Saturday, September 03, 2005


I don't normally read "Uncommon Descent," but happened by accident to come across Dembski's posting of a letter to the editor by James Barham. Barham's an interesting person; he has strong sympathies with ID, but denies that there is a designer -- he's a vitalist-materialist and not a theist. His interest in ID, then, is that with a slight modification it flows into his own biofunctional realism, in which life and mind are emergent properties of matter organized a certain way. He has an essay at Metanexus here, but this essay at ISCID provides a better introduction to his position on design.
From that paper:

In this paper, I will try to show that the Mechanistic Consensus is not the only alternative to Intelligent Design. There is also the possibility that certain forms of matter may be intrinsically endowed with mind-like properties, that these properties are irreducible to mechanistic interactions, but that they may nonetheless be subject to investigation by the methods of empirical science.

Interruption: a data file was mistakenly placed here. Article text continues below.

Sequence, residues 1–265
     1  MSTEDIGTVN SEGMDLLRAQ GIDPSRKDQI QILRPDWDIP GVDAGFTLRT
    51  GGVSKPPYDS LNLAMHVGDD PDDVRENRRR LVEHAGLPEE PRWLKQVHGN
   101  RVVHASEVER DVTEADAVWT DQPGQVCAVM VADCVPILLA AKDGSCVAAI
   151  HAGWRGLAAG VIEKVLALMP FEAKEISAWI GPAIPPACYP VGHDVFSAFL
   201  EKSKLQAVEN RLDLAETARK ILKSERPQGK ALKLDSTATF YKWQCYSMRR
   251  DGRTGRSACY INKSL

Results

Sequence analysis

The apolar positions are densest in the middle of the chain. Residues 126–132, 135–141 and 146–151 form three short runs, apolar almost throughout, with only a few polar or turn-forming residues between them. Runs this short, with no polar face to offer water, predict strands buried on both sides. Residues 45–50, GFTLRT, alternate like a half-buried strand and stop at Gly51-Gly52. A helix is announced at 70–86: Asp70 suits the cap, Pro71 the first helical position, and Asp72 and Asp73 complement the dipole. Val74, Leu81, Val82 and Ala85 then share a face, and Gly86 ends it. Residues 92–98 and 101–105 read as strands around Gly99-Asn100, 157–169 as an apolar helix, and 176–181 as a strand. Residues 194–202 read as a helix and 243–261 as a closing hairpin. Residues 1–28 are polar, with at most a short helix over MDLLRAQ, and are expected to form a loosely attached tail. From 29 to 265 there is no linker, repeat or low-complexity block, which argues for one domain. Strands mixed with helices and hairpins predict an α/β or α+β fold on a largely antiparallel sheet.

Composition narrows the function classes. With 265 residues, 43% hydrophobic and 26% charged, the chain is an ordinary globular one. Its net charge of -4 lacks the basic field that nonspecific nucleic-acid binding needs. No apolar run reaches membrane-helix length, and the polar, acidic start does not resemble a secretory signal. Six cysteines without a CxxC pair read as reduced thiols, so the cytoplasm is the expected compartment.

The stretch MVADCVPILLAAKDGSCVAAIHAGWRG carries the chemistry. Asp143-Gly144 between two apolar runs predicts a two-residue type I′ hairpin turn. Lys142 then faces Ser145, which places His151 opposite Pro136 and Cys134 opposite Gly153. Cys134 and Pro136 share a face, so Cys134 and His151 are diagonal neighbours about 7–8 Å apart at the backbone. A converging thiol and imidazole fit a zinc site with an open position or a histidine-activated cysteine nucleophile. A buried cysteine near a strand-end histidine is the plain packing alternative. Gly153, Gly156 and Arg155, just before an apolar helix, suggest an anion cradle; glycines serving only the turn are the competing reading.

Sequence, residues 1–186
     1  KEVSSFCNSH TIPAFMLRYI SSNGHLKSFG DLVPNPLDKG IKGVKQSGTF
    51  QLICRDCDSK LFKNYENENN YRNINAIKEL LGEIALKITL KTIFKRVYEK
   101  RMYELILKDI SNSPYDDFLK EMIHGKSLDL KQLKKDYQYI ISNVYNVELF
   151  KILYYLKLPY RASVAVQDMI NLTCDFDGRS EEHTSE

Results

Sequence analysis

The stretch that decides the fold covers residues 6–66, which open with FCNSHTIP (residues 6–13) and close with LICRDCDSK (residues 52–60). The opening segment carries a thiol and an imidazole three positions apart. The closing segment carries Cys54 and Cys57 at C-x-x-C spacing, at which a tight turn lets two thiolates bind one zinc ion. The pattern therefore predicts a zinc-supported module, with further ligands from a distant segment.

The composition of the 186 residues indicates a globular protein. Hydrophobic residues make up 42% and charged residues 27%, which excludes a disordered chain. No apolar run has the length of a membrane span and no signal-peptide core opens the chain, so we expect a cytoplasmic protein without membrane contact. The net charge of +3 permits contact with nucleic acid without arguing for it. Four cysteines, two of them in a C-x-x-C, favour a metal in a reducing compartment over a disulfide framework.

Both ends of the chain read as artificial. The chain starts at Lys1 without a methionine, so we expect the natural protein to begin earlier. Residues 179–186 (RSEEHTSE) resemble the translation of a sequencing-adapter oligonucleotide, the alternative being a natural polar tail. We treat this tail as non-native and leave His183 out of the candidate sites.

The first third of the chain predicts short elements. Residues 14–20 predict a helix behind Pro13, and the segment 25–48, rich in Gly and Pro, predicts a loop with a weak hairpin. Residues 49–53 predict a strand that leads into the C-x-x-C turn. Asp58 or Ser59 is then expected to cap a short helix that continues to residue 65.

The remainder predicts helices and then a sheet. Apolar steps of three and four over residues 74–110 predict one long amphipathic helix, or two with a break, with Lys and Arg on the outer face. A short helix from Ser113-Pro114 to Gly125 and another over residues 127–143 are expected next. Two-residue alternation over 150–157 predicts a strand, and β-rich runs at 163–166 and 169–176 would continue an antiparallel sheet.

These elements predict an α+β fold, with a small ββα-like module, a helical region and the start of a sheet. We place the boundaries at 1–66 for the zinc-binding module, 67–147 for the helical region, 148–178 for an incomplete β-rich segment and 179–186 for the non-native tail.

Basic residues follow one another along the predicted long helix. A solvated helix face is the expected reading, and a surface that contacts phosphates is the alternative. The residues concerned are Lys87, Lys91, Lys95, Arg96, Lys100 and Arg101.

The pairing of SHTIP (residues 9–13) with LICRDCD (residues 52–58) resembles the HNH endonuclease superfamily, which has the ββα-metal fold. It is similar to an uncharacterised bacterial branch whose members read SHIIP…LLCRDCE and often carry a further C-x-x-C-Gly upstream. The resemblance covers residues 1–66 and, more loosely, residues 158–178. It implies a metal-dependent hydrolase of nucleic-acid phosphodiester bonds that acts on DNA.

I once had a brief online discussion somewhere with Barham; we decided that the primary difference between us is that I'm a 'Right Aristotelian', taking Aristotle in a theistic direction (along the lines of the scholastics), and he's a 'Left Aristotelian', taking Aristotle in a materialist direction (along the lines of the vitalists). We both shared a basic problem with ID as a philosophical position: it's mechanistic, and doesn't have any clear room for intrinsic functions; we both agreed that the mechanisms appealed to in evolutionary theory presuppose rather than replace teleology; and while I've never liked talk of emergence, we both put a lot of emphasis on the problem of the integration of parts into wholes. He's rather more comfortable with the intelligent design movement than I am, though.

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